Friday, May 23, 2008

All Print Jobs To Go .PDF

Print system turns everything into PDF I saw this opinion by By James E. Gaskin - He describes a product from Ingenica that converts a print stream into a PDF's and the PDF "...becomes a print job that works on just about any Windows-supported printer. Still, have ink-jet printers on every desk, but can't convince your 5250 terminal emulation program to upgrade the driver and support those inkjets? UniPrint makes it happen..." This piece of information struck me because of a complicated implementation I recommended less than a year ago. When installing a "mini-fleet" of Canon devices( a few 5020i's, 105's, c518i 's, and some 5570's) we ran into some difficulty printing AS400 streams on the Canons. Yes, it can be done and was being done on one of the older Canons but we could not get consistent performance out of one of the newer units. 

 I think we could have used this product.(maybe) Anyway, what I find interesting is the ability to change any print stream or print job into a PDF. I do not know that much about the difference between printing a job out of Word vs printing to a .PDF format and printing the PDF but this sounds to me to be akin to a "universal print driver". More from James, "...Print streams, designed for locally attached printers, look pretty bloated compared with PDF print jobs. UniPrint says a one-page document may be 1MB of normal print-control language stream, but only about 100KB as a PDF file..."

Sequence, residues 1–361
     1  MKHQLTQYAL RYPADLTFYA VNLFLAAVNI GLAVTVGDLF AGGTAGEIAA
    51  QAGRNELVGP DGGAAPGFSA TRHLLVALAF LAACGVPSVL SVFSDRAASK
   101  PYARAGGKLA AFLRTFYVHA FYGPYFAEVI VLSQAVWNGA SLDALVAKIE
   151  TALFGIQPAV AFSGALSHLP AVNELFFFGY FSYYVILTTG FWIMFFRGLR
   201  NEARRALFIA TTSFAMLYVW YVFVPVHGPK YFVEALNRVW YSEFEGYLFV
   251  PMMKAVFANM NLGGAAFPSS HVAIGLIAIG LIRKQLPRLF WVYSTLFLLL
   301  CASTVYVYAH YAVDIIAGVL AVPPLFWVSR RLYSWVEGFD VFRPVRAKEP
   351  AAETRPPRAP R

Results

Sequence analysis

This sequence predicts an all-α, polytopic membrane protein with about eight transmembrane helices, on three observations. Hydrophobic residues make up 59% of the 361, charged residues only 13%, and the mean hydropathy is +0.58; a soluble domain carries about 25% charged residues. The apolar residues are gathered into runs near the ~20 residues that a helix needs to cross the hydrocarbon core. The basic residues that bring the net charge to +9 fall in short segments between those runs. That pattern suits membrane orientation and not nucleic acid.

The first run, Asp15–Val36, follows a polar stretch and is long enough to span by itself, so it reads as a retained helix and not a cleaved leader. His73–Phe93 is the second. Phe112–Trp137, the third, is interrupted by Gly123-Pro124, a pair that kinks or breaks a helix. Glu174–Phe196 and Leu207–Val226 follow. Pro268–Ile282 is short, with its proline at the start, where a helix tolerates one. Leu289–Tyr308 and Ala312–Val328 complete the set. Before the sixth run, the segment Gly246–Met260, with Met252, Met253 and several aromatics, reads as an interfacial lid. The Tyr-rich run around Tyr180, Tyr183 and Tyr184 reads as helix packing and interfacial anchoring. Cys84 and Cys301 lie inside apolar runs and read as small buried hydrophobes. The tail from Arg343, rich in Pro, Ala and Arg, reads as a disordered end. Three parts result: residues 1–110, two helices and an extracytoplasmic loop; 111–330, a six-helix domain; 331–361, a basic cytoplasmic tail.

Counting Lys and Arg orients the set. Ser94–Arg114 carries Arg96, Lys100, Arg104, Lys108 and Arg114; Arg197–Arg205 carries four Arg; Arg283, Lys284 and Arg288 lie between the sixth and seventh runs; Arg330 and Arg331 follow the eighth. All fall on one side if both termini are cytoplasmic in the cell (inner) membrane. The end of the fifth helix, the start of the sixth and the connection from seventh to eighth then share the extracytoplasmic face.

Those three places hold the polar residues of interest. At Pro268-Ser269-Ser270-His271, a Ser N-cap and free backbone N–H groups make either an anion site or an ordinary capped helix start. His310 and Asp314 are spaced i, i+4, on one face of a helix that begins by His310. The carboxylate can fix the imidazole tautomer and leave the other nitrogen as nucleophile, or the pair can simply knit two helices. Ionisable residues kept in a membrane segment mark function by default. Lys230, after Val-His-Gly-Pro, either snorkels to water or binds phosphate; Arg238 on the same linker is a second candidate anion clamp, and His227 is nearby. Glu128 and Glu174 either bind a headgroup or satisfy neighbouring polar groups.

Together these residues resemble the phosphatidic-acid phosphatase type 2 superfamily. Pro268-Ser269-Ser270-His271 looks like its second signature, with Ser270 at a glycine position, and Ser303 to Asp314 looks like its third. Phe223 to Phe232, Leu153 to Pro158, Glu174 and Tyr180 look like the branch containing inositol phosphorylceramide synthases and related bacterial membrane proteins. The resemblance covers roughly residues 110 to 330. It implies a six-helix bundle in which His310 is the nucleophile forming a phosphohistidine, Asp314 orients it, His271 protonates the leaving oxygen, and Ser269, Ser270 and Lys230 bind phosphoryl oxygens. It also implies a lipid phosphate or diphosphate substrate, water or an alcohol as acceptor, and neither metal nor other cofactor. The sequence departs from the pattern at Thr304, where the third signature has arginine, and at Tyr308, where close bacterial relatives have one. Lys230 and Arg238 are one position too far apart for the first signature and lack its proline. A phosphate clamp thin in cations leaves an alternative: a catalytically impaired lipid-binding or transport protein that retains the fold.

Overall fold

And now, all is clear to me. What was hanging my Canon up was the copier's inability to consistently interpret the print stream control characters; the copier would hang and wait for end-user intervention. Usually waiting for a paper tray selection. And something more - "...

Pricing will seem high for those companies that have never priced "grown-up" printing support: $3,999 for one Windows server for up to 60,000 printed pages per year. Those companies used to fighting ornery print streams and a lack of printer drivers for AS/400 systems will realize the price becomes an investment in better printing. And if the company has AS/400s or the like, "cheap" as a product description disappears.

It seems odd to charge for pages printed because computer people in small and midsize companies don't see that pricing model often. Yet those same companies pay for copiers on a sliding scale based on copy volume, so it won't be a total surprise..."

Now doesn't the above statement sum up one of the current issues in MPS?

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